Your editorial on the Tories’ new bill of rights (22 June) makes many important points. It is, however, like almost all of the discussion of this threat to human rights, depressingly narrow and inward-looking. The great danger here is the licence that putting national prejudices above international overviews will give to regimes more directly repressive that our own.
International human rights law is designed to put constraints on the most authoritarian governments. It does this in part by more liberal countries accepting restrictions on their actions and setting a platform of minimum acceptable standards. The British drafters of the European convention on human rights understood this.
The enthusiasm of Dominic Raab and Boris Johnson for claiming that Britain can pick and choose which rulings to abide by is nectar for governments such as those of Hungary and Poland, and aspirant far-right parties in countries such as Italy and France, anxious to wage war on minorities they despise.
The full effects of the Conservatives’ plans will not only be felt by the vulnerable here. It will also be felt by Roma people in Hungary, by gay people in Poland and by women seeking abortions in many countries.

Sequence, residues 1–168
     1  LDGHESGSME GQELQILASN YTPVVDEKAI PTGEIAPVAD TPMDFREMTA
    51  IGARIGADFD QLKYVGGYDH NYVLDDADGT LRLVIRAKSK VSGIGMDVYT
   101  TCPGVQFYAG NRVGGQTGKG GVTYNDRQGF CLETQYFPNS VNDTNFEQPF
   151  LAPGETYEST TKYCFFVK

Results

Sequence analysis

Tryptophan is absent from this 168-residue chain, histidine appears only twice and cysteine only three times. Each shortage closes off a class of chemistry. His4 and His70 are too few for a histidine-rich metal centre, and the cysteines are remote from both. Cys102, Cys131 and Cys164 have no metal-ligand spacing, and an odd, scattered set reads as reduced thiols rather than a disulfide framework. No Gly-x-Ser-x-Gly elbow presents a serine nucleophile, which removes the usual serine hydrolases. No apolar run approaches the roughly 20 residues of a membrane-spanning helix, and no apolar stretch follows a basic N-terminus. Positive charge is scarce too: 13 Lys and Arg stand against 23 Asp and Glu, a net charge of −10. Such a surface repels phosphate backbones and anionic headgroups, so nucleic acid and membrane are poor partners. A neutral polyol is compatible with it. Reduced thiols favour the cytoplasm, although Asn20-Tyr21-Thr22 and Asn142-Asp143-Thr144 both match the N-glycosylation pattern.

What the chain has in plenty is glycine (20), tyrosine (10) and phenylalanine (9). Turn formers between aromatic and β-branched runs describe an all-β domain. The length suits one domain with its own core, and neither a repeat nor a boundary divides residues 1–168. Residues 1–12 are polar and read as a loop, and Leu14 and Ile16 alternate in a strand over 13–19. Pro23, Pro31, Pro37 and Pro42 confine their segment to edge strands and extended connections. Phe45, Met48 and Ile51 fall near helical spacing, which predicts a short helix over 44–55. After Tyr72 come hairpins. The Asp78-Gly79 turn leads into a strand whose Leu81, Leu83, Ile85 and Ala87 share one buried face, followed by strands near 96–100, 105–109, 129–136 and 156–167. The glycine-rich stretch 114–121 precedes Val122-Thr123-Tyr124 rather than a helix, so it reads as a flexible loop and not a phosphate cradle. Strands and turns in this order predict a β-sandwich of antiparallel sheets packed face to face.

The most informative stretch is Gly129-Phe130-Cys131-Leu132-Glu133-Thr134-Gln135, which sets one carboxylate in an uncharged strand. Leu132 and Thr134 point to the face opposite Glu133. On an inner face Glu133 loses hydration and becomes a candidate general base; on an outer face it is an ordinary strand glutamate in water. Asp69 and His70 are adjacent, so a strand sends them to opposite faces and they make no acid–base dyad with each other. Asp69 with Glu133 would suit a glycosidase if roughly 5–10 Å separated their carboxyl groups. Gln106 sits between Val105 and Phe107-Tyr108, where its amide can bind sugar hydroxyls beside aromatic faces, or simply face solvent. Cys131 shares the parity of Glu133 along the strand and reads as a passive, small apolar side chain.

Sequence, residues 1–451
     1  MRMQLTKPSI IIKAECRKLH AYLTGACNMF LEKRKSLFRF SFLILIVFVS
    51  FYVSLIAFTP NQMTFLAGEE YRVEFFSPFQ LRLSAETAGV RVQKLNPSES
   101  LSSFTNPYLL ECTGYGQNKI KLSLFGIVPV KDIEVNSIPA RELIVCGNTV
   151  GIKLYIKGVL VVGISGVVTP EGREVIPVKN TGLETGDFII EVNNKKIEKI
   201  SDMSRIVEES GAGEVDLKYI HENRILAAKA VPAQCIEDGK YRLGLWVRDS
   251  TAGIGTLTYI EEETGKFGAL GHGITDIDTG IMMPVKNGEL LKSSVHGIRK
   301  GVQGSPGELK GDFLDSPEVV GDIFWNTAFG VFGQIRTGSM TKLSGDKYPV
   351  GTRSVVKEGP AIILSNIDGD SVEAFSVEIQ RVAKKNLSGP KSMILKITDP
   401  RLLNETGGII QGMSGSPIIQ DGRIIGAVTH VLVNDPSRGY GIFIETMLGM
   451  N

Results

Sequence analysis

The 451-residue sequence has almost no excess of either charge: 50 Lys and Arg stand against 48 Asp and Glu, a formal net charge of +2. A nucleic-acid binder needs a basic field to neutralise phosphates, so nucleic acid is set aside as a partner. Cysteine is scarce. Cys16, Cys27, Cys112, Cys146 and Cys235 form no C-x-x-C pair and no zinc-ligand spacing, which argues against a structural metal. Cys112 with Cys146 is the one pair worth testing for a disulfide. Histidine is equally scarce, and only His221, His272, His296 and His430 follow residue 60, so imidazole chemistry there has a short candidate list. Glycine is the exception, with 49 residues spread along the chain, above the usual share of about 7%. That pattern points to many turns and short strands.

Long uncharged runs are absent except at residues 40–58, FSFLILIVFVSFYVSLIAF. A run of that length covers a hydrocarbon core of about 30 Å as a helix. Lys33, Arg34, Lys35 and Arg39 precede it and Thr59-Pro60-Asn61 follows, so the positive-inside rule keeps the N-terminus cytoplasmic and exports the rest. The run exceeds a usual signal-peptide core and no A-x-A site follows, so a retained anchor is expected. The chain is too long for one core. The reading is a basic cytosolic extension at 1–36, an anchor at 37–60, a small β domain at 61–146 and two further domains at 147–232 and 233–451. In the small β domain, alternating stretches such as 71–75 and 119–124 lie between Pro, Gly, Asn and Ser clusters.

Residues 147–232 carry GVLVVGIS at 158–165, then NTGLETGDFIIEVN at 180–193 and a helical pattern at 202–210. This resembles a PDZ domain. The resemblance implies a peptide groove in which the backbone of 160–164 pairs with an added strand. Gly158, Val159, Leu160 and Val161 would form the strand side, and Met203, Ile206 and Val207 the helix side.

Johnson always vaingloriously wishes to be setting an example to the world; it will be our shame if we allow him to set light to bonfires of rights across Europe and beyond.
Prof Philippe Sands states that Dominic Raab’s nationalistic and xenophobic conception of the idea of human rights eviscerates “one of its most fundamental tenets: basic human rights exist for all, and must be enforceable at the instance of all” (No 10 to set out sweeping plans to override power of human rights court, 21 June).
Indeed so, but what Raab is clearly intent on imposing on this country is not a British bill of rights but a bill of British rights. Not content with stripping certain categories of people of their citizenship, this government is now determined to rob those people of their rights too.
In the name of such legal, moral and philosophical vandalism, the UK’s exit from the European convention on human rights (a Tory goal ever since the UK joined it) is almost certainly guaranteed and, among many other devastating consequences, the Good Friday agreement will be put in the gravest jeopardy.
Authoritarian leaders the world over, not least Vladimir Putin, will be cheering Raab to the rafters.
Prof Julian Petley
Brunel University London
Women and girls in this country and overseas will doubtless bear the brunt of this shocking new bill. But we women are perplexed that Labour’s Keir Starmer has failed to castigate the government for its refusal to comply with or domesticate the articles of the UN convention on the elimination of all forms of discrimination against women (Cedaw), which we ratified in 1986.
The government’s indifference to this groundbreaking milestone in the struggle for gender equality and women’s empowerment was demonstrated when it failed even to nominate a candidate from the UK for the Cedaw committee elections held last week.
I beg the Labour leader to robustly defend our rights and keep faith with our obligations enshrined in international law. He will lose the women’s vote if he remains silent.